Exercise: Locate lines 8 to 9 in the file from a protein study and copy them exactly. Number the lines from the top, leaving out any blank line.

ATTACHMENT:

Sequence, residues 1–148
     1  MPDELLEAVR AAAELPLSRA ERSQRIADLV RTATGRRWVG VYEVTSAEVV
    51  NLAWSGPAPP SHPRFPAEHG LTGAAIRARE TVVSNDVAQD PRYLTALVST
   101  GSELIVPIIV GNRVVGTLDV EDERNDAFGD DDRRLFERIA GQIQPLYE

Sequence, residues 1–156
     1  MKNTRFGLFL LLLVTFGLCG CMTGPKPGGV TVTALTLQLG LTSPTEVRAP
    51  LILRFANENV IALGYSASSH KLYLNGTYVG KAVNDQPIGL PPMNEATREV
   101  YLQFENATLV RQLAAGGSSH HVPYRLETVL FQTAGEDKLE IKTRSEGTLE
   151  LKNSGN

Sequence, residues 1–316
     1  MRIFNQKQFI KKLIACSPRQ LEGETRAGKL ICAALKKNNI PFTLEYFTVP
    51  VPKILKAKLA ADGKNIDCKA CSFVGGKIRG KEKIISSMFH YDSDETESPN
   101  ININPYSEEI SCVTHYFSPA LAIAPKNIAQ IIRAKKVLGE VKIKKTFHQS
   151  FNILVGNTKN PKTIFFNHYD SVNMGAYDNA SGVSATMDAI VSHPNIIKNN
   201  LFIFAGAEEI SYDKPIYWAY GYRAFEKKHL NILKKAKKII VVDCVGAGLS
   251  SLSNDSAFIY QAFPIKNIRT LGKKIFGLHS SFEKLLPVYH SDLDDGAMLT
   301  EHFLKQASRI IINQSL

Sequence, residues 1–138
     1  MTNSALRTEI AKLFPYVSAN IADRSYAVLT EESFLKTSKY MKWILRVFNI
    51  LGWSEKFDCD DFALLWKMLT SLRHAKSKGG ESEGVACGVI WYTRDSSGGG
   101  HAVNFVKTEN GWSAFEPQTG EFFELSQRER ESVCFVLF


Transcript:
   101  YLQFENATLV RQLAAGGSSH HVPYRLETVL FQTAGEDKLE IKTRSEGTLE
   151  LKNSGN